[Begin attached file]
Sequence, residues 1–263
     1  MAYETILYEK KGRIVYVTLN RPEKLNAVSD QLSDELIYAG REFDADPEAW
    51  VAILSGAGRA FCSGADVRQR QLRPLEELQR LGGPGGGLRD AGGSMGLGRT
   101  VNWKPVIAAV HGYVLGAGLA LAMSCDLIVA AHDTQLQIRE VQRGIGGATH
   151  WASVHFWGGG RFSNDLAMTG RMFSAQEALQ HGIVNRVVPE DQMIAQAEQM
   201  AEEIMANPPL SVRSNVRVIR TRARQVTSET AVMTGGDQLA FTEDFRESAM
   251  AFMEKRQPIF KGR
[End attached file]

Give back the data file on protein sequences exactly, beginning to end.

Sequence, residues 1–263
     1  MAYETILYEK KGRIVYVTLN RPEKLNAVSD QLSDELIYAG REFDADPEAW
    51  VAILSGAGRA FCSGADVRQR QLRPLEELQR LGGPGGGLRD AGGSMGLGRT
   101  VNWKPVIAAV HGYVLGAGLA LAMSCDLIVA AHDTQLQIRE VQRGIGGATH
   151  WASVHFWGGG RFSNDLAMTG RMFSAQEALQ HGIVNRVVPE DQMIAQAEQM
   201  AEEIMANPPL SVRSNVRVIR TRARQVTSET AVMTGGDQLA FTEDFRESAM
   251  AFMEKRQPIF KGR